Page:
The 25-year-old Crick was the 49th overall pick in the 2011 draft and ranked among baseball’s top 100 prospects from 2013-15, per various reports. While his rise through the minors was slowed by control issues, he had a strong year in 2017 after converting to the bullpen on a full-time basis.
In 29 1/3 innings of relief in Triple-A, he posted a 2.76 ERA with 12.0 K/9, 4.0 BB/9 and a 44.3 percent ground-ball rate. That strong run led to Crick’s big league debut with the Giants; in 32 1/3 innings in the Majors, he logged a 3.06 ERA with 7.8 K/9, 4.7 BB/9 and a 37.9 percent ground-ball rate. Crick’s 95.5 mph average fastball velocity and 11 percent swinging-strike rate both pointed to the potential for his big league strikeout rate to catch up to the more impressive level he flashed in Triple-A.
Crick is controllable through the 2023 season, so he’ll join a lengthy list of controllable assets the Bucs received in the Cole trade as a potential long-term piece that can step directly onto the roster.
“Kyle Crick is a physical, Major League-ready right-handed reliever who brings a high-velocity, live fastball complimented by a quality slider to potentially pitch in a late inning role for the Pirates,” said Pirates GM Neal Huntington. “Kyle’s power arsenal has resulted in a high strikeout rate complimented by inducing a lot of weak contact. After his first exposure to the Major League level last season, Kyle appears ready to take the next steps in what should be a productive career as a high leverage Major League relief pitcher.”
Reynolds, 23 later this month, was the Giants’ second-round pick in 2016 and just wrapped up a strong season in Class-A Advanced, where he hit .312/.364/.462 with 10 homers, 26 doubles and nine triples in 540 trips to the plate. Jim Callis and Jonathan Mayo of MLB.com had him fourth among Giants prospects, while Baseball America ranked him fifth among San Francisco farmhands just a few weeks ago (before the Arroyo trade, meaning he’d now rank fourth on their list as well).
“Bryan is an effective offensive player that also plays quality defense,” said Huntington. “We look forward to working with Bryan to maximize his tools and help him become a quality well-rounded Major League player who can impact a game in many ways beyond his quality bat.”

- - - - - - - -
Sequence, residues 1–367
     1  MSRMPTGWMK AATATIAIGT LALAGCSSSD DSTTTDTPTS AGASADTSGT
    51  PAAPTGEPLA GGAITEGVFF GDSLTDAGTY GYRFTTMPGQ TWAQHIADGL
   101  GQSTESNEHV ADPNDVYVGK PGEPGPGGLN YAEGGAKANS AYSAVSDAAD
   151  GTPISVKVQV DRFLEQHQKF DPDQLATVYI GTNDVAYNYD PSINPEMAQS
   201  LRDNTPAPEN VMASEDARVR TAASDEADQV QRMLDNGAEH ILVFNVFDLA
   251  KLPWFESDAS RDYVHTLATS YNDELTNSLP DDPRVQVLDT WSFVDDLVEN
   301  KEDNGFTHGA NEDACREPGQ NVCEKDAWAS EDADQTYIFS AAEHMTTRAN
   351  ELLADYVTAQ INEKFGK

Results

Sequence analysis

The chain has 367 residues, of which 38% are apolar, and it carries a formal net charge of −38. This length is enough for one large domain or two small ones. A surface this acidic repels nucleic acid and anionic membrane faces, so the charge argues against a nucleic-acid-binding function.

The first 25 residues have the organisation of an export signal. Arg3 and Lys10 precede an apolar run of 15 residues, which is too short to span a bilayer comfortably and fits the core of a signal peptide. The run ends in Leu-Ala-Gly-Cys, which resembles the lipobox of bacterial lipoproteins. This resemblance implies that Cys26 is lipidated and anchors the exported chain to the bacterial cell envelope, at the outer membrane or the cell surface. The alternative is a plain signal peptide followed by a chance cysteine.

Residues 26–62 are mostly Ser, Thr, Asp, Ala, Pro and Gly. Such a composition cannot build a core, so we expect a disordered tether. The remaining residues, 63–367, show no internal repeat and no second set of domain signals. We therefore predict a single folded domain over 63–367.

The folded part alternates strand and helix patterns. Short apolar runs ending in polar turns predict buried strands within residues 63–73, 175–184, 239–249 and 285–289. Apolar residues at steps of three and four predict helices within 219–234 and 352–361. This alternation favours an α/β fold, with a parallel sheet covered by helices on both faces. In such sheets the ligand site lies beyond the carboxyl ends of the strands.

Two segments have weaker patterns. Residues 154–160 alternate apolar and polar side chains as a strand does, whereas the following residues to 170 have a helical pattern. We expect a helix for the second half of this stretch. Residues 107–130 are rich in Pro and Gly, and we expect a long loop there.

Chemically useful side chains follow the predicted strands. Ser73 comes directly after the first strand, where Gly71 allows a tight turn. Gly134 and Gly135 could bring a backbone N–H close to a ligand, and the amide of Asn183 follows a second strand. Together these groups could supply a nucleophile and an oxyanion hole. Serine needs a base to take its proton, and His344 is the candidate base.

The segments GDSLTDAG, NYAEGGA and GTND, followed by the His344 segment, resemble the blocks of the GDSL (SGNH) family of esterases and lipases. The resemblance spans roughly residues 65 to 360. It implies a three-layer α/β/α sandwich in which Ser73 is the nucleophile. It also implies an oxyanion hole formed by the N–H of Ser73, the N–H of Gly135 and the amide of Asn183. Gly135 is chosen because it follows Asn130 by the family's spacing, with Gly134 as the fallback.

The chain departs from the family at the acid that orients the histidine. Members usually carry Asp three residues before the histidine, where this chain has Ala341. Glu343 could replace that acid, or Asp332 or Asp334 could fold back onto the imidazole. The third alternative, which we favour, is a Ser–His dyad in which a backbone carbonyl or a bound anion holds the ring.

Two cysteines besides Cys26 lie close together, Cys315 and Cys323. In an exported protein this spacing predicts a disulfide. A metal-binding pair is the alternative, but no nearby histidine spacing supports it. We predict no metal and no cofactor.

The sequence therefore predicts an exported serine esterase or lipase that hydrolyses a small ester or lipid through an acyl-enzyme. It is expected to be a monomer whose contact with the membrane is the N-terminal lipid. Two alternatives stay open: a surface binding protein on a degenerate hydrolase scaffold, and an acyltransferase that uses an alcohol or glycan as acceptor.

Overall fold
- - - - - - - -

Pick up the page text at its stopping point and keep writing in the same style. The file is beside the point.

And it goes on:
As for the Pirates’ immediate future in the outfield, it’s not yet entirely clear how they’ll fill the void. Starling Marte seems likely to slide over from the corner outfield to center field, which should be a defensive upgrade over the life of a full season. Top prospect Austin Meadows showed in 2017 that he’s likely not yet ready for the Majors — Meadows hit just .250/.311/.359 in Triple-A — so the Bucs could turn to a platoon of 26-year-old Adam Frazier and veteran utility man Sean Rodriguez in left field for the time being.
Alternatively, Pittsburgh could wait out the free agent market and see if any veterans become available on bargain deals. The corner outfield market has no shortage of experienced options (MLBTR Free Agent Tracker link), and some of those names will undoubtedly have to settle for one-year deals later this winter.
Robert Murray and Jon Heyman of FanRag Sports first reported that talks between the two sides were picking up (Twitter link). Ken Rosenthal of The Athletic reported that the two sides had reached an agreement (Twitter link). Alex Pavlovic of NBC Sports Bay Area tweeted that Crick was in the deal. Yahoo’s Jeff Passan tweeted that Reynolds was likely to be a part of the deal, and The Athletic’s Andrew Baggarly confirmed as much. MLB.com’s Jon Morosi reported that the Pirates would pay some of McCutchen’s salary.
Photos courtesy of USA Today Sports Images.